You may have to re-assess the length of some of the tasks if they look like over-running.  If they really can’t be done more quickly this is an indication you may need to use extra resources, such as paying for extra staff or equipment, to get the task completed on time.

It is best you know this now so you can plan ahead.

Remember that if a task is dependent on another one being completed, it must be scheduled after it.  If not, you can have several tasks running concurrently.

Once you have done this you can see if there is any slack time or time when you can schedule extra, non-dependent tasks to save time later.

6/ Multiple Projects

Go through the same process for each of your projects.

Once you start plotting the tasks on your work organiser you’ll build up a comprehensive work schedule that you can work to.

You can tick off tasks on your Task Lists as they are completed, giving you a feeling of satisfaction.

Hey presto!  You are in control and back in your element!

Photo by Flickr user WJ (Bill) Harrison

New Year, New You: Using Project Management to Find Yourself

It is January, the time many of us take stock, look around and examine the year behind and the year ahead.  Not for nothing was the Roman god Janus from whom we take the name depicted with two faces, one looking forwards and one looking back.

Project Management can be a powerful tool for taking control of our work and becoming more organised and therefore more productive.  We can identify slack time and build in extra tasks.  We stay two steps ahead and anticipate problems, identifying and implementing solutions before they hit.  We can stay calm and focussed.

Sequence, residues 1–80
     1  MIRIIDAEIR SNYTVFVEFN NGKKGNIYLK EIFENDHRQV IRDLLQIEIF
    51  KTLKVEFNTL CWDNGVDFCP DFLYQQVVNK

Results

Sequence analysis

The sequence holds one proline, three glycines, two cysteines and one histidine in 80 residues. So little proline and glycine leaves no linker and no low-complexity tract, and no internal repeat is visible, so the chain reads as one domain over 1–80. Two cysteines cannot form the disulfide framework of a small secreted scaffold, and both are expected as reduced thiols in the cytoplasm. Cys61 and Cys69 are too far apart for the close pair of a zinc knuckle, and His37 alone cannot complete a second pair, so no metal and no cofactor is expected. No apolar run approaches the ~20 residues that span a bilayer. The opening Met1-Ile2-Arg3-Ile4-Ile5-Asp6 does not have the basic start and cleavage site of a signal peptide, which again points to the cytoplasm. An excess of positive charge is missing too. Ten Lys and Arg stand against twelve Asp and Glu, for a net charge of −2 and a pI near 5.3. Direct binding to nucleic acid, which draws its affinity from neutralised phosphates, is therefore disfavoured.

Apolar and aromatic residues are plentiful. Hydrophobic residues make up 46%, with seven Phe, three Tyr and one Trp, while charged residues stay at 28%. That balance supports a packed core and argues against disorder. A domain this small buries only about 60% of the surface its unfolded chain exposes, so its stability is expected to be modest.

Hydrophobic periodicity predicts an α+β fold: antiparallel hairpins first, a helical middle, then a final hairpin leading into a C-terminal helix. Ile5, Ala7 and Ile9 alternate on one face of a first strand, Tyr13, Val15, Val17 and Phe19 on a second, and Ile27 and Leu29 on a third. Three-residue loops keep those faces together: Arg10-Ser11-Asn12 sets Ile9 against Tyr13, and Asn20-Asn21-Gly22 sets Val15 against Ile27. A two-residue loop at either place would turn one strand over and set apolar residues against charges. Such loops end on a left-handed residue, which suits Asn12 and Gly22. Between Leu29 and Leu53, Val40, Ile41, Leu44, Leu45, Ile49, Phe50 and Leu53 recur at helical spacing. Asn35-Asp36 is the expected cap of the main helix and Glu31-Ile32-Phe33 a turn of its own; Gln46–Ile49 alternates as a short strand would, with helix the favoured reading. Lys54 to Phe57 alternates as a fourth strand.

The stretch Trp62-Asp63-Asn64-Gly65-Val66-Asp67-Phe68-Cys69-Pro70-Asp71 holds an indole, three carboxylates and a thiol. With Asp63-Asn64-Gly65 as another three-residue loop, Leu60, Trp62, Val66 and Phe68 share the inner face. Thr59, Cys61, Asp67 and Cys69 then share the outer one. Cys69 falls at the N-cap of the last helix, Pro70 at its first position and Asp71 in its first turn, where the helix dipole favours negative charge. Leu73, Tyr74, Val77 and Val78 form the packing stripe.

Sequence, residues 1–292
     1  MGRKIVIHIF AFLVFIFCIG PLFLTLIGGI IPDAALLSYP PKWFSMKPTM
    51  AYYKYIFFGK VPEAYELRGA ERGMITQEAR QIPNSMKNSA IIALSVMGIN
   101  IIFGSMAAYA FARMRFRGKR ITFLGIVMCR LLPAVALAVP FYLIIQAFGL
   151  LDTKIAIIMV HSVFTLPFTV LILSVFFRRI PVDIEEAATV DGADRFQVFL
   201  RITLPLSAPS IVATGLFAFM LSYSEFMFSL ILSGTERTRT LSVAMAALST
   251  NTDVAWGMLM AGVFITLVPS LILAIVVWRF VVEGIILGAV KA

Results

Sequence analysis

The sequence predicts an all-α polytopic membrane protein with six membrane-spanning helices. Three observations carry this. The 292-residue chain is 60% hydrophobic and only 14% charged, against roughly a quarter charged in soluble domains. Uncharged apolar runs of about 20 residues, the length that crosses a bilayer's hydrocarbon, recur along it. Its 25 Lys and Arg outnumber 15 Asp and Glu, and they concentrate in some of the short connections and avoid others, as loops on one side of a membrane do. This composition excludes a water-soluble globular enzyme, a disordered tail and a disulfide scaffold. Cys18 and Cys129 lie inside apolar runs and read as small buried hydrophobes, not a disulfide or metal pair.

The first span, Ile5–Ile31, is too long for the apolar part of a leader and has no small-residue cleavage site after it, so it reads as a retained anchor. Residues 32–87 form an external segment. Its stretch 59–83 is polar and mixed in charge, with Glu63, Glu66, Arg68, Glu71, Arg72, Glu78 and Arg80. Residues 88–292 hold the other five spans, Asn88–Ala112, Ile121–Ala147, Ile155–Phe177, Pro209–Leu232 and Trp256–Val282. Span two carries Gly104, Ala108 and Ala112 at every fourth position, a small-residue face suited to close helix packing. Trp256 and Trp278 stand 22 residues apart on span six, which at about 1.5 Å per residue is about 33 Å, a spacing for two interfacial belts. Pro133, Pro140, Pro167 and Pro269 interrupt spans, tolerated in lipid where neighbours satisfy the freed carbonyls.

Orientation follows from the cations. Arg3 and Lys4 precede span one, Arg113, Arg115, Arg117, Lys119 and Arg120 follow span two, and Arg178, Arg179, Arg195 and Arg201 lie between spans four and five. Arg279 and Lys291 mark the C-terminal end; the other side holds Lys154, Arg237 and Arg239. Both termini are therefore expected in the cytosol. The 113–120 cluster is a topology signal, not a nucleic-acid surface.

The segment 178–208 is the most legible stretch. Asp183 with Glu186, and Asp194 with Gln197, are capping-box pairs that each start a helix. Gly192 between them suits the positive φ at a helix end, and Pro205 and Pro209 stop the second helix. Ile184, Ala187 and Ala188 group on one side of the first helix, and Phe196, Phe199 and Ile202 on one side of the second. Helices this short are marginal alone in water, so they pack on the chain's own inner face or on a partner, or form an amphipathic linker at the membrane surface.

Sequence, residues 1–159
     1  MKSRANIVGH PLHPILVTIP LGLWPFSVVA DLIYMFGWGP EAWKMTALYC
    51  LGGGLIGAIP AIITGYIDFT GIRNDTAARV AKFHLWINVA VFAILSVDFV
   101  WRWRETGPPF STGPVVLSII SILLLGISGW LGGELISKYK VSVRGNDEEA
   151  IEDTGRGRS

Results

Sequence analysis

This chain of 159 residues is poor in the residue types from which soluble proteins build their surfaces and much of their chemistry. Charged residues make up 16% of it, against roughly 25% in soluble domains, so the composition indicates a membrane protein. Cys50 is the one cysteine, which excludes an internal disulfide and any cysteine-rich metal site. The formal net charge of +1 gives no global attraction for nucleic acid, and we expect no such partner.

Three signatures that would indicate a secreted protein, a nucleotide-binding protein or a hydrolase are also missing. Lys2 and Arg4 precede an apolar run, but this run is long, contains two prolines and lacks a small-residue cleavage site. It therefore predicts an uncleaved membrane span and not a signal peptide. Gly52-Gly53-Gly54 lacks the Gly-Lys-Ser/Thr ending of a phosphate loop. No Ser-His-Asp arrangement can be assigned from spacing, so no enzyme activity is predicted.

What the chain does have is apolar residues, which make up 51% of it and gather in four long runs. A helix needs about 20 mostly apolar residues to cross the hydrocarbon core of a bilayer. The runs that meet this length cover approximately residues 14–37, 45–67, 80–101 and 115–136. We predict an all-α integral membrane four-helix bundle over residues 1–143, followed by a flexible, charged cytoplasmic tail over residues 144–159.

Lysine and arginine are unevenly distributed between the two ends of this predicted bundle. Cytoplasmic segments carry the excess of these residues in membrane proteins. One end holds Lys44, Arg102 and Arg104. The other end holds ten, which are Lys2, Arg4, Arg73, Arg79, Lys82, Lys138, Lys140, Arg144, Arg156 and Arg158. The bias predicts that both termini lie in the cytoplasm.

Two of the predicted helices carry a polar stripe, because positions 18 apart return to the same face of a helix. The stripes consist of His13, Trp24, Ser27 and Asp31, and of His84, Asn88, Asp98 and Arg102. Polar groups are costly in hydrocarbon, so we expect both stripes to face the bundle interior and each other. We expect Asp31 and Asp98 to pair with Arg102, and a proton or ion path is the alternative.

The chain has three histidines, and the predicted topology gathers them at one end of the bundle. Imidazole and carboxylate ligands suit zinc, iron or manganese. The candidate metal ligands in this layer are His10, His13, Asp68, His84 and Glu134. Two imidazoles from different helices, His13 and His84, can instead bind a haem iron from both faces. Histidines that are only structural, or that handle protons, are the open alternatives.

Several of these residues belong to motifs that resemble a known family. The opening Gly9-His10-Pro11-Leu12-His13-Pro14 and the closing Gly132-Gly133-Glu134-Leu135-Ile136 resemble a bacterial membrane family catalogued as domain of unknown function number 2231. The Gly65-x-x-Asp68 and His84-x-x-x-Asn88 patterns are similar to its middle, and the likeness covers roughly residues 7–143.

For freelancers, using Project Management to organise our workflow can lead to new opportunities that we didn’t think possible.  If we begin to see our whole lives as a series of tasks and blocks of time to be organised and arranged, we are able to identify the slack time in our lives as a whole where we may have room for growth.

Many freelancers work from home with non-specified hours; we don’t have to worry about putting in the ‘face time’ many office workers have to.  Working on a project basis means that we work to each task: once the task is done we move onto the next one.  This can be a very efficient way of working.

While we have hours in the day when we are typically more productive, we may have other hours which would be put to better use doing something different.  If we see these as slack time, we can build in other, non-work, projects.  Education, fitness, social… it’s up to us.  As long as we manage them like we would every other project, there’s no reason why we can’t fit in some extra-curricular activities in the times when our office-based colleagues would be chatting at the water-cooler, surfing the internet or even commuting.  Maybe we can work later to compensate if we need to.

Freelancers can make the most of not being tied to the standard work day and start to think outside the 9-5 box.